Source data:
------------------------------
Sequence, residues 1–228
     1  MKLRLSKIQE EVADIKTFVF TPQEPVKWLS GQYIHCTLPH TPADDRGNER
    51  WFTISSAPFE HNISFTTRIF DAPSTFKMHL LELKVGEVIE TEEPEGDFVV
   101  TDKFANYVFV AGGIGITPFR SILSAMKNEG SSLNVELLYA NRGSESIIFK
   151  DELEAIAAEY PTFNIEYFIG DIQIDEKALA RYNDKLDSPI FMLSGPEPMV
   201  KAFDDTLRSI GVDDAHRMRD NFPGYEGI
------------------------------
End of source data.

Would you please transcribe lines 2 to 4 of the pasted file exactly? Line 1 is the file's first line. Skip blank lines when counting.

     1  MKLRLSKIQE EVADIKTFVF TPQEPVKWLS GQYIHCTLPH TPADDRGNER
    51  WFTISSAPFE HNISFTTRIF DAPSTFKMHL LELKVGEVIE TEEPEGDFVV
   101  TDKFANYVFV AGGIGITPFR SILSAMKNEG SSLNVELLYA NRGSESIIFK